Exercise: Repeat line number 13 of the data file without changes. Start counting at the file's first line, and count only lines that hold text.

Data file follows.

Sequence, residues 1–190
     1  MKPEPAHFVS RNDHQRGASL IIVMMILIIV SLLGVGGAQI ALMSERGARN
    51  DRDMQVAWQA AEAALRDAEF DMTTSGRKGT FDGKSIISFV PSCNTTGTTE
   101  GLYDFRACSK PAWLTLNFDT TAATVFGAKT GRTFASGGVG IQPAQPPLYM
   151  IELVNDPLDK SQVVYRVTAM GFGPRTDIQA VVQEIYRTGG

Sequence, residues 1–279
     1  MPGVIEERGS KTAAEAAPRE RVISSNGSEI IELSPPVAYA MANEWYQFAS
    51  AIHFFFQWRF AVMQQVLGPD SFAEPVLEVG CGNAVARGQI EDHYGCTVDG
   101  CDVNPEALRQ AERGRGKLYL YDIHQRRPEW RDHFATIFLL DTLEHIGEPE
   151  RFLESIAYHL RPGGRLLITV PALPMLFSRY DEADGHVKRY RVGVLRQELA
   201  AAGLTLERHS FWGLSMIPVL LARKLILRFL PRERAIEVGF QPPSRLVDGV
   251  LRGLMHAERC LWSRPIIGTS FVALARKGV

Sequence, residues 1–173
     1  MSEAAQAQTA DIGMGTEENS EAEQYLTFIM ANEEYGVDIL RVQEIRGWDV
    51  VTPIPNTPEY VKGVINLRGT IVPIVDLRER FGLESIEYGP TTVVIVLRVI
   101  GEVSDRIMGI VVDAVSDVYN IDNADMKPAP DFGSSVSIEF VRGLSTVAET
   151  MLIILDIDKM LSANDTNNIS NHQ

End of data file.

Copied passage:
Sequence, residues 1–173